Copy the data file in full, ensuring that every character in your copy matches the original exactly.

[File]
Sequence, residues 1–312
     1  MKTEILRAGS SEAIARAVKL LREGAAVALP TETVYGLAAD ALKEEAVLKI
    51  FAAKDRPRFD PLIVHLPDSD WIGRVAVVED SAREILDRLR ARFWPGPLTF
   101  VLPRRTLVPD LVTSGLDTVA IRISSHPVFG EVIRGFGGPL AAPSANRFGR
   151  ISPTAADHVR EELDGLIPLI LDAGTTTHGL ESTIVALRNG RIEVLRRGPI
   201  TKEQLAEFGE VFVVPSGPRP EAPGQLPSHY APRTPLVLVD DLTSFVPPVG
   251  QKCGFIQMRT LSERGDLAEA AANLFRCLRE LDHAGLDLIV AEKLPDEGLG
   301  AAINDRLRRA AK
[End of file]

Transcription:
Sequence, residues 1–312
     1  MKTEILRAGS SEAIARAVKL LREGAAVALP TETVYGLAAD ALKEEAVLKI
    51  FAAKDRPRFD PLIVHLPDSD WIGRVAVVED SAREILDRLR ARFWPGPLTF
   101  VLPRRTLVPD LVTSGLDTVA IRISSHPVFG EVIRGFGGPL AAPSANRFGR
   151  ISPTAADHVR EELDGLIPLI LDAGTTTHGL ESTIVALRNG RIEVLRRGPI
   201  TKEQLAEFGE VFVVPSGPRP EAPGQLPSHY APRTPLVLVD DLTSFVPPVG
   251  QKCGFIQMRT LSERGDLAEA AANLFRCLRE LDHAGLDLIV AEKLPDEGLG
   301  AAINDRLRRA AK